Much of the family courts’ time these days is occupied with what are known as “Motions to Change.” A Motion to Change is the court process used when a person wants to change or end a final family court order or agreement. The most common Motion to Change is to vary a support order. A Motion to Change is often brought when one or more of the following happens:
a) The support payor is making more money than he or she was when the order or agreement was made.
b) The support payor is making less money than he or she was when the order or agreement was made.
c) The child for whom support is payable has finished school, married or moved out on his or her own.
d) The child or children are now living with the payor or a different person.
e) The person receiving spousal support is now able to support himself or herself.
A Motion to Change can also be brought to ask the court to change a final order or agreement concerning custody or access, although the focus of this article is on support orders.
The court has the power to vary an order for support upon proof of what is known as a “material change in circumstances.” Where a Motion to Change is brought before the expiry of six months from the date of the original order or agreement, leave or permission of the court is first required.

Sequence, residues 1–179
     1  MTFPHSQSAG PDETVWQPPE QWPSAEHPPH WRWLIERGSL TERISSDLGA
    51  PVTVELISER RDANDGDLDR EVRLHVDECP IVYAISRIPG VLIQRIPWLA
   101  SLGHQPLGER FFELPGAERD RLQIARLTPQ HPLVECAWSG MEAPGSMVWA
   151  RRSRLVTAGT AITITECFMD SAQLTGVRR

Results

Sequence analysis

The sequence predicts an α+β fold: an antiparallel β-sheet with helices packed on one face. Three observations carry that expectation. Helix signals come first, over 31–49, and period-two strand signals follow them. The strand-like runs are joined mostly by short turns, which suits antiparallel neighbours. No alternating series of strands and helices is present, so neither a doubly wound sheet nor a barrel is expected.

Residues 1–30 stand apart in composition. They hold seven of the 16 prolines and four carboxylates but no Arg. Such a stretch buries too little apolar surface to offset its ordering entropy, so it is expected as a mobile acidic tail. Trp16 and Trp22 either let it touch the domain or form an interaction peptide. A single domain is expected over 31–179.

In order to succeed on a Motion to Change an order for support of a spouse, the moving party must either establish that there has been a material change in the circumstances of one or both of the spouses or provide new evidence that was not available at the time the original order or agreement was made, although there is a substantial due diligence requirement in the case of the latter. Nonetheless, a finding that there has been a material change in circumstances will not automatically result in a variation in spousal support. In determining whether and to what extent a material change warrants a change, a court must consider all of the circumstances of the parties at the time the original order or agreement was made and compare those with the circumstances at the time of the motion or trial after considering the objectives of relevant spousal support legislation.
The courts have the power to increase, reduce or suspend support payments due to changed circumstances. The parties having earlier agreed not to terminate spousal support does not prevent a party from returning to court where there has been a material change in circumstances sufficient to warrant a change. Even where an agreement incorporated into a court order includes a term providing that it is final, courts still retain the jurisdiction to determine if there has been a material change in circumstances and what, if anything, to do about it.